Only about 10 percent of the people who edit articles on Wikipedia are female, according to Wikimedia Foundation user surveys.
To help improve coverage of women and the arts on the collaborative online encyclopedia and narrow the gender gap among editors, Cornell will participate in the 2016 Wikipedia: Art + Feminism edit-a-thon, Saturday, March 5.
The project, with more than 100 events around the world held in connection with International Women’s Day, aims to empower women to edit content on Wikipedia and ensure the accurate representation of important arts contributions of women from all cultures.
On Feb. 1, 2014, more than 600 Art + Feminism editors converged on Wikipedia and added 100 new articles on women artists to the site.
Last March, more than 1,500 edit-a-thon participants created nearly 400 new pages and made improvements to 500 articles.
The Cornell effort is targeting seven artists lacking pages on Wikipedia, including Alison Mason Kingsbury, whose work over a 60-year career included murals in the Willard Straight Hall lobby (1925-27), Gannett Health Center (1958) and the World War I Memorial Chapel (1930). At least 17 other entries will be improved and updated during the communal campus edit-a-thons, including articles on alumnae artists Margaret Bourke-White ’27, Susan Rothenberg ’66 and Anna Botsford Comstock, Class of 1885.
“This project is really exciting because it lets us tap into our resources as a community,” co-coordinator Brittany Rubin said. “As a community at large that really cares about issues of gender equality, I think [Cornell] is a great place to do this project. We’re lucky to be able to add to such a vibrant and growing movement, making sure women are being fairly represented on Wikipedia.”
Rubin, the Kress Interpretive Fellow at the Herbert F. Johnson Museum of Art, is one of three on-campus ambassadors coordinating participation at Cornell, along with Susette Newberry, art librarian and assistant director of Cornell University Library Research and Learning Services, and Marsha Taichman, visual resources and public services librarian at the Fine Arts Library.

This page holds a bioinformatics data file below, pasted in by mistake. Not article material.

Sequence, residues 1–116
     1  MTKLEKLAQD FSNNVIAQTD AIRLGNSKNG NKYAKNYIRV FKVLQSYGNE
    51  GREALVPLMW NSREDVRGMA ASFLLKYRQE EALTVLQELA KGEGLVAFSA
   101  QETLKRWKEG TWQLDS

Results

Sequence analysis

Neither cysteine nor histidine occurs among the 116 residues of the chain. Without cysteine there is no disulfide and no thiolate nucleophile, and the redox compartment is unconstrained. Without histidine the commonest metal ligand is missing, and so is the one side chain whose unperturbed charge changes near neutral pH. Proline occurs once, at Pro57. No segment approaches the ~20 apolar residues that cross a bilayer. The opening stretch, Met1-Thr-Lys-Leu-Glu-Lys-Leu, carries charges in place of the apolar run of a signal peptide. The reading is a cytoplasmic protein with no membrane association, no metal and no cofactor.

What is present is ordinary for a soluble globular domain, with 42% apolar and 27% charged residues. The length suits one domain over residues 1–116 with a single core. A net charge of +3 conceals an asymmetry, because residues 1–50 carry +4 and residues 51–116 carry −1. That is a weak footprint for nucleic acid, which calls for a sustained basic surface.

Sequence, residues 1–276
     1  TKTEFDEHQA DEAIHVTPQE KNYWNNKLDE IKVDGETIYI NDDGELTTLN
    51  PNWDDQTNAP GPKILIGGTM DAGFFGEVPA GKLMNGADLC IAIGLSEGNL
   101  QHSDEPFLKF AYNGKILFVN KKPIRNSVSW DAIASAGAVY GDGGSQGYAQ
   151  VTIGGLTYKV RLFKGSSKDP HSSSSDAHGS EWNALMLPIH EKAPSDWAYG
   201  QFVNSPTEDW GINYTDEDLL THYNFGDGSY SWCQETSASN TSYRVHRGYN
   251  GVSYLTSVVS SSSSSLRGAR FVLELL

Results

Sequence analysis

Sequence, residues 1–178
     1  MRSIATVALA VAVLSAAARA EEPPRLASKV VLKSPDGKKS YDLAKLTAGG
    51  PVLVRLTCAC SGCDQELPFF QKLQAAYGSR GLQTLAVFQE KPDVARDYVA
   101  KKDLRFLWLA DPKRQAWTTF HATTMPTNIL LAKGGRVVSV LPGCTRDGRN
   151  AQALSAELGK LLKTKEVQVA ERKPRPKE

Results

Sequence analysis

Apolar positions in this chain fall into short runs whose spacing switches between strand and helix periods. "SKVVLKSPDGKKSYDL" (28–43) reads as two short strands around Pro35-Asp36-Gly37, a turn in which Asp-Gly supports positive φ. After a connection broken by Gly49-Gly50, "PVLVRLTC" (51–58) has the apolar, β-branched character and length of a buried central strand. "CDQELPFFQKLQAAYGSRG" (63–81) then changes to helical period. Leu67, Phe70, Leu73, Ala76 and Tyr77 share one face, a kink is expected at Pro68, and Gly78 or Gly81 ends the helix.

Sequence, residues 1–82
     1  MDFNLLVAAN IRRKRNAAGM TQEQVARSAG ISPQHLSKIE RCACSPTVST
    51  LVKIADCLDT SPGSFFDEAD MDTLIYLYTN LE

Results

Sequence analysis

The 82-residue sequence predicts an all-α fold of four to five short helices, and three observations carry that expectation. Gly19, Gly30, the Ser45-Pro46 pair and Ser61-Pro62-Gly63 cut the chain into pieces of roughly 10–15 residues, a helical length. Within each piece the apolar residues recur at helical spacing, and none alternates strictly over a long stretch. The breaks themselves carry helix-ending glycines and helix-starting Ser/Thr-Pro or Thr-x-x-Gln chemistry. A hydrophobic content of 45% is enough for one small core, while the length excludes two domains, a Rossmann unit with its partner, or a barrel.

Wikipedia has logged more than 814 million edits since it was created in 2001; the multilingual site has more than 5 million content articles and 27.5 million registered users. Many reasons have been suggested for the gender bias and disparity among Wikipedia editors, from a misogynist culture to women having less time available than men.
Wikipedia edit-a-thons have also focused on women’s history, cultural heritage sites, museum collections and other topics. African-Americans and the LGBT community have used edit-a-thons to address Wikipedia’s racial and sexual demographics.
Jacqueline Mabey, core organizer for the Wikipedia: Art + Feminism edit-a-thon, will discuss the project’s history and the disparities in race and gender representation, Thursday, Feb. 25, at 4:30 p.m. in 106G Olin Library. Her talk will be live-streamed; it is co-sponsored by the Cornell Council for the Arts and the Graduate Association for Multidisciplinary Legal Studies.
The edit-a-thon on campus, Saturday, March 5, from 10 a.m. to 5 p.m., will occur at the Johnson Museum, Olin Library and the Fine Arts Library in Rand Hall. The project encourages editorship from people of all gender identities.
Free, 90-minute Art + Feminism Wikipedia editing workshops on campus will help prepare participants, Feb. 26 and March 2.
See the local Wikipedia Meetup Page for more information, resources and to register for events; participants should bring laptops to the sessions. New editors should create a Wikipedia account to sign up in advance. Same-day training will be offered March 5 to assist drop-in participants.
“We want to encourage people to participate, anyone who is concerned with content on Wikipedia or artists in general,” Rubin said. “You don’t have to have experience in art history. Just come in and be curious, and we will help with the rest.”
The events are co-sponsored by Cornell University Library, the Herbert F. Johnson Museum of Art, the Society for the Humanities and the Wikimedia Foundation.